Another consequence, though, is that Guillaume’s experience may give him a kind of evidence that isn’t objective, that can’t be treated in quasi-scientific fashion, and isn’t directly communicable to others. I can tell you what I’m seeing, but you can’t literally see through my eyes. Perhaps my report of what I’m seeing can serve as public evidence (more on that in a moment), but my experience of seeing is mine alone, and it provides for me a kind of evidence that I can’t give you. In the same way, Guillaume, it seems, has reached a place where he can’t help but see the hand of providence in his life. For him, seeing it firsthand, this can provide a very powerful sort of evidence. But it’s not evidence he can give to me, or to Graham. We haven’t lived his life and can’t see through his eyes.


Trust in Others

Guillaume’s story can’t be the same kind of evidence for the rest of us that it is for him. Does this mean it’s irrelevant to us? I don’t think so.

From early childhood—long before we begin thinking critically about these matters—we trust not only our senses but also other people. This kind of trust is also unavoidable. We would never survive childhood without trusting parents and teachers. Additionally, as much as scientists are concerned with questioning and testing everything, and making sure experiments can be replicated, an individual scientist can’t actually replicate all of the experiments she relies on. Instead, she needs to trust other scientists to report their observations accurately. 

Philosophers call this kind of reporting ‘testimony’. In this broad sense, testimony occurs any time I tell you something with the expectation that you’ll believe it on my say-so. When, for instance, I tell you I ate breakfast this morning, I don’t expect you to ‘do your own research’; I expect you to believe me.

Some philosophers think that testimony just is a kind of ordinary objective evidence. On this view, when I tell you something, you take the sounds you hear (or squiggles you see) as data and construct a hypothesis to explain them: the hypothesis that I produced those sounds on purpose to express a belief. You then have to develop a hypothesis as to why I hold that belief. If the best explanation of my holding the belief involves the belief’s being true, then you should hold that belief as well.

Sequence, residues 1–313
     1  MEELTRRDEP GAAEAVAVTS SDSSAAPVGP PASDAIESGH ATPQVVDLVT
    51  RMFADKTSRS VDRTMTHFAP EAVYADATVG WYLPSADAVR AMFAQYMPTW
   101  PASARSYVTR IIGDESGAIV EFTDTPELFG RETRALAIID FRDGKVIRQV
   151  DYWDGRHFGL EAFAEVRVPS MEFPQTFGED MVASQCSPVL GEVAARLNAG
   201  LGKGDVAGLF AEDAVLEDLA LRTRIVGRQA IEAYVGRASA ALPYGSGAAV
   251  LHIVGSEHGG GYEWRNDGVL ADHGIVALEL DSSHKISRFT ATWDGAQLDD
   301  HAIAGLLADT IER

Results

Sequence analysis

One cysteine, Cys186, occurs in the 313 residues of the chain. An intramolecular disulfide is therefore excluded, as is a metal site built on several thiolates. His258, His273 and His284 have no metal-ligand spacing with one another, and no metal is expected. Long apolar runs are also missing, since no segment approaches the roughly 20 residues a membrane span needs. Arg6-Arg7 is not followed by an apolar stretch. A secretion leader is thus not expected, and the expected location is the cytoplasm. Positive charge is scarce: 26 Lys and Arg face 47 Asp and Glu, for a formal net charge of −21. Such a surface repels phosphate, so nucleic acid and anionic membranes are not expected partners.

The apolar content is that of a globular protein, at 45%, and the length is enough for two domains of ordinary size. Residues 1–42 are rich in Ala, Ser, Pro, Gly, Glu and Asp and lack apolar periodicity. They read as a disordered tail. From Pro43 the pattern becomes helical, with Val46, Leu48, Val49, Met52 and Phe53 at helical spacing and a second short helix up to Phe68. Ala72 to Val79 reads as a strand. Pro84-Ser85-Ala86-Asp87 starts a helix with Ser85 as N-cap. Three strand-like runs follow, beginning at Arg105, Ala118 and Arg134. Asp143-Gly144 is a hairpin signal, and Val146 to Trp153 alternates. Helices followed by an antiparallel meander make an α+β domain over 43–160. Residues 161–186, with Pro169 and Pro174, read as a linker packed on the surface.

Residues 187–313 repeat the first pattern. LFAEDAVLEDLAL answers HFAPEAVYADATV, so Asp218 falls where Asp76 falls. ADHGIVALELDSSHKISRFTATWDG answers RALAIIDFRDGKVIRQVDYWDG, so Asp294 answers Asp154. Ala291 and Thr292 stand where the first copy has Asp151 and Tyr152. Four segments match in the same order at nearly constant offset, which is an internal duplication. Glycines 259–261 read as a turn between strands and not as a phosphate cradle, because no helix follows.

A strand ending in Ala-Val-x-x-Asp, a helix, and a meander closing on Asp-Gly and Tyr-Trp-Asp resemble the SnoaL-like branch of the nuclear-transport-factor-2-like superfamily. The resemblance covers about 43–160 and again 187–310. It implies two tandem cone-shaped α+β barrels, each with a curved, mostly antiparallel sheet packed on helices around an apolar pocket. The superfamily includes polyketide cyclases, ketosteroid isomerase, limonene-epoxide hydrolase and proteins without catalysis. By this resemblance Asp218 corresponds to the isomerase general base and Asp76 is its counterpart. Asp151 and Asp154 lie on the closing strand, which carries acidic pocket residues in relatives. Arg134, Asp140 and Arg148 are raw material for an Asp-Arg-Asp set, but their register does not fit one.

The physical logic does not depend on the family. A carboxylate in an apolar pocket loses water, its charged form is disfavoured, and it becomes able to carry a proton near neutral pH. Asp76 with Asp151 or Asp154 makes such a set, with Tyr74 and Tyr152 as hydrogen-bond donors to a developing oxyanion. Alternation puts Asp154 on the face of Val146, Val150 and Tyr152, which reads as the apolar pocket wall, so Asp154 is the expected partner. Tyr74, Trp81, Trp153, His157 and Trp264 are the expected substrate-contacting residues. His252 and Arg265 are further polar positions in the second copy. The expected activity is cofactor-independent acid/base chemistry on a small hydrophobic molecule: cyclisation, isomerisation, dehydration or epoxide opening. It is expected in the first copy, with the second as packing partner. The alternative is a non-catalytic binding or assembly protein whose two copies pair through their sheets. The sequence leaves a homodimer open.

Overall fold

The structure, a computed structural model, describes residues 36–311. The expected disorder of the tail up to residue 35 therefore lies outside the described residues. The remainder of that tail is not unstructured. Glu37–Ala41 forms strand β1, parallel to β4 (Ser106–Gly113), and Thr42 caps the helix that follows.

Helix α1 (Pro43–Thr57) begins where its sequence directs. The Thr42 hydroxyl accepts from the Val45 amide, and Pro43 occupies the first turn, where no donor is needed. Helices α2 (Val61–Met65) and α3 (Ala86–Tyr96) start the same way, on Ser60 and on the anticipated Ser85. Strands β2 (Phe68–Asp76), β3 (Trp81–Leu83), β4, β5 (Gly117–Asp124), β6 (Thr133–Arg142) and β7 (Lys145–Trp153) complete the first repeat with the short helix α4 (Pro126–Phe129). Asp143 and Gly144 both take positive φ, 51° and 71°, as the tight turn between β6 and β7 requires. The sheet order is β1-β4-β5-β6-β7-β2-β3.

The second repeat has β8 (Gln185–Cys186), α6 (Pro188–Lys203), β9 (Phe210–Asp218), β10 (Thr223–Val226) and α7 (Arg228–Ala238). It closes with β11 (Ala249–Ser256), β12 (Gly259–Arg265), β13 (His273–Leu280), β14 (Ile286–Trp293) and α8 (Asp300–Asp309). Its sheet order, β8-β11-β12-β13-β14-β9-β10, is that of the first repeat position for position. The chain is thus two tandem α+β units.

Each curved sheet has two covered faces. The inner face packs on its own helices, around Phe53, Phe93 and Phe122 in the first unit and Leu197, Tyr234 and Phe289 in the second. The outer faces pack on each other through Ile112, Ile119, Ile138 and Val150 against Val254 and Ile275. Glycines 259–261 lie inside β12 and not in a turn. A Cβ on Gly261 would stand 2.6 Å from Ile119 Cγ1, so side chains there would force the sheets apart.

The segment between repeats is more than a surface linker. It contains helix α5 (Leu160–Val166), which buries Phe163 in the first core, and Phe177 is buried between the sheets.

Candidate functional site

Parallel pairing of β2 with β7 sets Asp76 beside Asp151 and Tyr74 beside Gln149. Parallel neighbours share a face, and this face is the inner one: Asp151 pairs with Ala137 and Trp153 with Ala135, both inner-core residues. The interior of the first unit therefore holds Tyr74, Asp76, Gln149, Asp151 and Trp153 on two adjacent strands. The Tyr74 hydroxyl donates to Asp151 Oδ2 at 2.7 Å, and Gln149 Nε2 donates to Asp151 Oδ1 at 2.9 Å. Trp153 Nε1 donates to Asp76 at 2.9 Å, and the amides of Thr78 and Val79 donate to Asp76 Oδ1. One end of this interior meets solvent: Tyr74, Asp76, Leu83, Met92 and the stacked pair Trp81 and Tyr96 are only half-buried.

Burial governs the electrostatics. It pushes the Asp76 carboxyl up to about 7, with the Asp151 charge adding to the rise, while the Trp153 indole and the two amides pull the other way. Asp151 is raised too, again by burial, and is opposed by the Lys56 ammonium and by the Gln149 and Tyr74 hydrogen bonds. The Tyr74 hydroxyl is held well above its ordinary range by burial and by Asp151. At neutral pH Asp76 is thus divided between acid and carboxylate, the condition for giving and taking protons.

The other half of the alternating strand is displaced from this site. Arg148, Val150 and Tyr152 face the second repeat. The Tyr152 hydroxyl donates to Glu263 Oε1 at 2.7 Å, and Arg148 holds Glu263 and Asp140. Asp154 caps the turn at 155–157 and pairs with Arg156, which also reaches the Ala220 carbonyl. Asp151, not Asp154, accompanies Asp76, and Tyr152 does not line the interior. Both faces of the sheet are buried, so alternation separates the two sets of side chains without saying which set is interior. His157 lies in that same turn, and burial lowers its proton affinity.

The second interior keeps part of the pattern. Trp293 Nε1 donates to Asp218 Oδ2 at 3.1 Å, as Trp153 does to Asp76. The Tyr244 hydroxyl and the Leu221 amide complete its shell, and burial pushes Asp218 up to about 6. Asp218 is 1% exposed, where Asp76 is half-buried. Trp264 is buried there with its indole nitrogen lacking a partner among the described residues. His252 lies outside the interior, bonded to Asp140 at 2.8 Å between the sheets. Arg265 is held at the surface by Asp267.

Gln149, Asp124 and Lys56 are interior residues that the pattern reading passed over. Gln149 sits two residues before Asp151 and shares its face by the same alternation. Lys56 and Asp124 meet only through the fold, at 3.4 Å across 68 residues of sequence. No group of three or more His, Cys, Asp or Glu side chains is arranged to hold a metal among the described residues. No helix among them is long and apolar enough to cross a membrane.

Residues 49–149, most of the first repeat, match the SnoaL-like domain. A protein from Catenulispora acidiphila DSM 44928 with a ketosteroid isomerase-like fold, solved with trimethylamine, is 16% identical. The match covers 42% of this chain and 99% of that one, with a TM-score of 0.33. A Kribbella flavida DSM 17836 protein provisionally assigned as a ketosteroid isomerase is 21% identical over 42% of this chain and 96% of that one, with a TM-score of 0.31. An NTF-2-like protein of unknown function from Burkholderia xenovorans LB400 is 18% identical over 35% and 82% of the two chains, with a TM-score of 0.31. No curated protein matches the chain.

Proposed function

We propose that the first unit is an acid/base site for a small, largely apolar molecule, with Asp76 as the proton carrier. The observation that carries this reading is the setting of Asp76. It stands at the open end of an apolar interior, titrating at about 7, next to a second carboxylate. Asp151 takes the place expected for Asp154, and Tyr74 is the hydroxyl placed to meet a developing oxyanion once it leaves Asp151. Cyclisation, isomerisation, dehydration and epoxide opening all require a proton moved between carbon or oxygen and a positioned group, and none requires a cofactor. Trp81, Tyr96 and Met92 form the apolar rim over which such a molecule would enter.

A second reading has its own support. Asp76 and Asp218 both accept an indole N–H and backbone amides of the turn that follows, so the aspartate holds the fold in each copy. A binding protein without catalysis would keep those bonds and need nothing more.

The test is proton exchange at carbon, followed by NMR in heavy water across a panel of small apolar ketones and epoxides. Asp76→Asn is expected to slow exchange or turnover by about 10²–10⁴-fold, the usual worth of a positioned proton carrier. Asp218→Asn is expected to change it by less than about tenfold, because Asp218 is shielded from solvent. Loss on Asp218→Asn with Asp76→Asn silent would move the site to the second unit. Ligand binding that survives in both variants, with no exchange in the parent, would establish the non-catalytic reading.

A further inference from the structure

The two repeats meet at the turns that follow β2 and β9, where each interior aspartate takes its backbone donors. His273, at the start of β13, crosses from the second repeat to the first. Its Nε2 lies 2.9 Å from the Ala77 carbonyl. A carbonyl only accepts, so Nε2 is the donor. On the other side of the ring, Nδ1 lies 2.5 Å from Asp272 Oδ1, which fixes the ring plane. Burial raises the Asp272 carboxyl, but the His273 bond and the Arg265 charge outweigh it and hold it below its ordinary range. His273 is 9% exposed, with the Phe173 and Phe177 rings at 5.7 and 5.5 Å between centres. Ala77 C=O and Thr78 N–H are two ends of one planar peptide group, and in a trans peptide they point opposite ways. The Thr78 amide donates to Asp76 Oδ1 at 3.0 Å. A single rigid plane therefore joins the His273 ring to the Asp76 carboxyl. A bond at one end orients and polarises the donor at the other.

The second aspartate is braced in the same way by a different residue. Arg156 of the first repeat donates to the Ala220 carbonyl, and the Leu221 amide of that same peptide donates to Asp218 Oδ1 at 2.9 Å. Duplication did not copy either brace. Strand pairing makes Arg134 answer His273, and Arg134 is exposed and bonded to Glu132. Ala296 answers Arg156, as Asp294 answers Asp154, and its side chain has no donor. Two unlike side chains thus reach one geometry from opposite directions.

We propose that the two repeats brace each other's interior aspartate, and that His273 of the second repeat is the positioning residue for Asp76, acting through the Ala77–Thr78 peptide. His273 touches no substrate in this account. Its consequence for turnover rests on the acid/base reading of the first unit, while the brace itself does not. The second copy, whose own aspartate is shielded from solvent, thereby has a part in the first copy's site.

Many other philosophers (myself included) think this approach to testimony is mistaken. Although we may rely on views about the circumstances in which humans ordinarily lie, make mistakes, or tell the truth, we don’t (and shouldn’t) engage in this kind of purely impersonal inference to the best explanation. Instead, trusting someone else involves a kind of social relationship whereby I rely upon that person for the truth of the testimony.

If you’ve heard Guillaume’s testimony, that’s enough for you to stand in some kind of social relationship with him. The question of what kind of social relationship that is, and what kind of trust you might be willing to place in him, is highly individual. Most will (and should) trust him at least for the broad outlines of his own life story. But should that trust be extended so far as to believe his testimony about the role of divine providence in that story?

Generally, we don’t believe wild stories or tall tales told by strangers. Additionally, when people make claims that are outside what they can directly observe, we’re usually far more skeptical than if they’re merely reporting what they’ve seen and heard. So if (like Graham) you start from a position of thinking that Guillaume’s story about divine intervention is a little wild, and that the kind of direct perception of divine providence he describes is impossible, your trust in him is unlikely to extend far enough to change your mind. On the other hand, if you are already a Christian (or think Christianity is likely to be true), you may be much more inclined to trust his story.


A Leap of Faith?

Does this kind of story have anything to say to the skeptic? One thing we often do when we’re skeptical of what someone claims to have seen is try to go see for ourselves. Perhaps they can instruct us where to go and what to look at. When it comes to seeing our lives in new ways, often what’s required is a leap of the imagination, to try to see what it would be like to interpret the events of our lives through the lens of divine providence, for instance. Narratives can be very helpful in expanding the imagination. In this way, those who don’t trust Guillaume as a witness may be able to trust (and test) him as a guide, to try for themselves the trajectory he describes.

Regarding this interpersonal trust, however, the problem of diversity arises again. Just as the objective evidence points every which way, and doesn’t add up to consistent support for theism, so also the testimony points every which way. But the need to decide whom to trust and how far to trust them is a pervasive and unavoidable feature of human life. These decisions cannot be made on the basis of objective evidence alone. They are fundamentally personal and interpersonal.  This helps to explain why—as both Guillaume and Graham agree—evidence and argument alone are unlikely to produce conversions of the kind Guillaume experienced. This fact, however, does not render such conversions necessarily irrational.


Kenneth L. Pearce is Professor of Philosophy at James Madison University and co-author with Graham Oppy of ‘Is There A God: A Debate


Watch Graham Oppy & Guillaume Bignon’s Big Conversation on ‘Rationality, Religious Experience & The Case for God’